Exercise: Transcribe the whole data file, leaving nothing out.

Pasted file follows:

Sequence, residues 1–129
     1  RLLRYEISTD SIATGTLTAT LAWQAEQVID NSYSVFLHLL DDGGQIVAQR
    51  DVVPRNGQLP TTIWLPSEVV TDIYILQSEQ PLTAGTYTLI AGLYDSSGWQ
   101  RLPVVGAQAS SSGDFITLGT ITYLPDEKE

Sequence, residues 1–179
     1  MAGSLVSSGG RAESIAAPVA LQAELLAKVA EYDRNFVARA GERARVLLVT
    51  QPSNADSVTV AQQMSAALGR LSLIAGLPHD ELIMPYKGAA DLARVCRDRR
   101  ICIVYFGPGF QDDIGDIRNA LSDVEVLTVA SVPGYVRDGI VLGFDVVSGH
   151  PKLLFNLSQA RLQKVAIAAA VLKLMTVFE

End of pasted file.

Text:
Sequence, residues 1–129
     1  RLLRYEISTD SIATGTLTAT LAWQAEQVID NSYSVFLHLL DDGGQIVAQR
    51  DVVPRNGQLP TTIWLPSEVV TDIYILQSEQ PLTAGTYTLI AGLYDSSGWQ
   101  RLPVVGAQAS SSGDFITLGT ITYLPDEKE

Sequence, residues 1–179
     1  MAGSLVSSGG RAESIAAPVA LQAELLAKVA EYDRNFVARA GERARVLLVT
    51  QPSNADSVTV AQQMSAALGR LSLIAGLPHD ELIMPYKGAA DLARVCRDRR
   101  ICIVYFGPGF QDDIGDIRNA LSDVEVLTVA SVPGYVRDGI VLGFDVVSGH
   151  PKLLFNLSQA RLQKVAIAAA VLKLMTVFE